Chemotherapy and Hair Loss: What to Expect During Treatment
If you have been diagnosed with cancer and are about to undergo chemotherapy, you are probably facing a lot of very real and valid fears. Although there are many different concerns which accompany a cancer diagnosis, many people worry most about the side effects of their treatment. Both men and women report hair loss as one of the side effects that they fear most after being diagnosed with cancer. You may not have even thought about how important your hair is before, but faced with losing it you may find it to be one of the things that bother you most about your treatment.
Although hair loss is likely with chemotherapy treatment, it does not happen for everyone. Whether or not you experience hair loss depends mostly on the type and dose of medication you receive, factors which are mostly out of your control. However, whether or not you can maintain your self-esteem and present a healthy body image after hair loss depends a lot on your own attitude and the support you receive from family and friends.
Why does it occur?
Chemotherapy is a very powerful treatment that attacks the cancer cells in your body. However, it is very difficult to localize these drugs to one specific location, and so unfortunately the drugs attack non-cancerous cells in your body as well, including those in your hair roots.
What should you expect?
Typically, hair loss will begin one to three weeks after you start treatment. It may fall out very quickly in clumps or gradually. You’ll probably notice accumulations of loose hair on your pillow, in your hairbrush, and in your sink or shower drain. Your scalp may feel tender during this time.
Hair loss will continue throughout your treatment and sometimes for a few weeks after you stop. Fortunately, hair loss from chemotherapy treatment is usually temporary, and you can expect hair to regrow anywhere from three to ten months after your treatment ends. However, you may notice temporary changes in the shade or texture of your new hair. It might be curlier than it was before, or it could be gray until the cells that control the pigment begin to function again.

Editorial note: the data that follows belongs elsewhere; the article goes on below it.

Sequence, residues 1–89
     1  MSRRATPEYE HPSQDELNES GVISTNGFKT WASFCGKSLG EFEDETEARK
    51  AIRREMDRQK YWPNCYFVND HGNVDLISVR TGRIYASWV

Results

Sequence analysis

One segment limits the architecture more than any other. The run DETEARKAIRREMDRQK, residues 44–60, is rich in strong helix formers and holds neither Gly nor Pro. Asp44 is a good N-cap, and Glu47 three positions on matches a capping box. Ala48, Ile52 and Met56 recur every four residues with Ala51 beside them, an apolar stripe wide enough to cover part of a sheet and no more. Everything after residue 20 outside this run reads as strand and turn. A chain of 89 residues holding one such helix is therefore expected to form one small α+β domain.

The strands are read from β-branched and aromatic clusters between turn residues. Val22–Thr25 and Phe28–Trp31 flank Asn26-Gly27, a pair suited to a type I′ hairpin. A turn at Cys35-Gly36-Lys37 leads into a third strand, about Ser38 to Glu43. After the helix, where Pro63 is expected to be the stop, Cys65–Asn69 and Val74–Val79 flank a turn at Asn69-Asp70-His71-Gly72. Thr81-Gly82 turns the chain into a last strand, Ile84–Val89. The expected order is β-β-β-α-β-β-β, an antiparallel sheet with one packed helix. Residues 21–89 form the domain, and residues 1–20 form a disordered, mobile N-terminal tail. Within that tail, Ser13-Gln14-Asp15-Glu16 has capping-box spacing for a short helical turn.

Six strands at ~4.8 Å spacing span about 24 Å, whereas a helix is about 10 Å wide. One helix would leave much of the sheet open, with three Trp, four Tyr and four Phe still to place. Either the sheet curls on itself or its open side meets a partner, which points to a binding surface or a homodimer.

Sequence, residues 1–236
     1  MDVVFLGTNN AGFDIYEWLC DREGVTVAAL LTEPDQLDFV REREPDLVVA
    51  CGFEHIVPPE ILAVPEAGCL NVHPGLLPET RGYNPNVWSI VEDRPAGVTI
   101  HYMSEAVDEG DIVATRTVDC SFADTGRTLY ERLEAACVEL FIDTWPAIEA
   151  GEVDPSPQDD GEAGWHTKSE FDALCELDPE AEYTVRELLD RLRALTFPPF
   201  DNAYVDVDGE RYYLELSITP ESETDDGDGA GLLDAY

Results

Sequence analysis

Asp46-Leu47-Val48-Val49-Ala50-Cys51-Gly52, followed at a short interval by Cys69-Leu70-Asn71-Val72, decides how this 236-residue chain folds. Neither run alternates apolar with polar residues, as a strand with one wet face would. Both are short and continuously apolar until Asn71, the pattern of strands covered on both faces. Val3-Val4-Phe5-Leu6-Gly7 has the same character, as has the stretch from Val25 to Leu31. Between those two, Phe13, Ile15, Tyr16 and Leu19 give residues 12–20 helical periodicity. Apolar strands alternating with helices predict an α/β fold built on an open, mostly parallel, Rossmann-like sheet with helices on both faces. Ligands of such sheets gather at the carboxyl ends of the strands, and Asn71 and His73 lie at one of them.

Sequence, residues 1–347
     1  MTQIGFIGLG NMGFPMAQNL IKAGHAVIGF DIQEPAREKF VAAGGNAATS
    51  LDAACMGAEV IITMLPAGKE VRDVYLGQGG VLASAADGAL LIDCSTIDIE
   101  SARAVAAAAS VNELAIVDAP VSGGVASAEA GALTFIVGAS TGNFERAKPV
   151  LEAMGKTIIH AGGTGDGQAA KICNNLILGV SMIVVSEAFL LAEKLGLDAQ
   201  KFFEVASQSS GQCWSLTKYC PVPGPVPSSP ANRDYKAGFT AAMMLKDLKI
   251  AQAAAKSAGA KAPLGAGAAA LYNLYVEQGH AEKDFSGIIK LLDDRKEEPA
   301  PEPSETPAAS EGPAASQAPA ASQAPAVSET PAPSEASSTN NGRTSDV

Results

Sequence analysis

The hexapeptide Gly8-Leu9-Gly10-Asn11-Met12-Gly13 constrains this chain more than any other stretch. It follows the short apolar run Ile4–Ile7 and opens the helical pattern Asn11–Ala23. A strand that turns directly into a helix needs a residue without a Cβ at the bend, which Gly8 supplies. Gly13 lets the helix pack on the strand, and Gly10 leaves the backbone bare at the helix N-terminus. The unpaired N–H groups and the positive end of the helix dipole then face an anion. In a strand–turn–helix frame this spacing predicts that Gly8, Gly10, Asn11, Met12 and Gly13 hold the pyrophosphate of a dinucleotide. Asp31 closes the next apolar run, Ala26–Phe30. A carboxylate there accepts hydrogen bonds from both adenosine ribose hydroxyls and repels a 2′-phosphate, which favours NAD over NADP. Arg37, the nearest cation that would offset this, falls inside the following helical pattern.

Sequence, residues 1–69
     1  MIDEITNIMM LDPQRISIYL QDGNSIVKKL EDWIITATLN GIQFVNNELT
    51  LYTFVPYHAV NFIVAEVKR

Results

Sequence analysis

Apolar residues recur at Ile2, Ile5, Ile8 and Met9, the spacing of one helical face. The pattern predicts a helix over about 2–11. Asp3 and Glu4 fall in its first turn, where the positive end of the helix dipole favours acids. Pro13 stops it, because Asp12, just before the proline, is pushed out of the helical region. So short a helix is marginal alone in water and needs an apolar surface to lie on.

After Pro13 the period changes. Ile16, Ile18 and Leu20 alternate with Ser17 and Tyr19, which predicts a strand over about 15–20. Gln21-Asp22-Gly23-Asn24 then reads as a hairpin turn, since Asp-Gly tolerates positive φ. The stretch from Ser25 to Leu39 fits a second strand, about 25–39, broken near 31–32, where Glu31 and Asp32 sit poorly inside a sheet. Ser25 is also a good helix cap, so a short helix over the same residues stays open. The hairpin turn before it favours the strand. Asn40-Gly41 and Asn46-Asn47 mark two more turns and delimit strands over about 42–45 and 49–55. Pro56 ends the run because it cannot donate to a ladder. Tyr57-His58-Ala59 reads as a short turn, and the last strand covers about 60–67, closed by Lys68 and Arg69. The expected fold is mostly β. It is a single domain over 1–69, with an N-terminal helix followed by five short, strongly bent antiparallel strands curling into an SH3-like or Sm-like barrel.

How severe your hair loss will be will depend on the type and dosage of medication used. Some chemotherapy drugs are more likely than others to cause hair loss, and depending on the dose you may experience anything from minor thinning to complete baldness. Generally, hair loss does not become noticeable to others until you have lost about 50% of your hair. To find out what to expect with your dosage, talk to your doctor or nurse with questions.
Although most people associate hair loss with the hair on their scalp, chemotherapy may cause you to experience hair loss all over the body. You may notice that your eyelash, eyebrow, armpit, pubic and other body hair is falling out as well. This is totally normal, but feel free to talk to your doctor or nurse if you have concerns.
Can hair loss be prevented?
There is no way to guarantee that your hair won’t fall out during chemotherapy. However, several treatments have been studied as possible ways to prevent hair loss. Although none of the following are 100% effective, some patients have found success in using these remedies.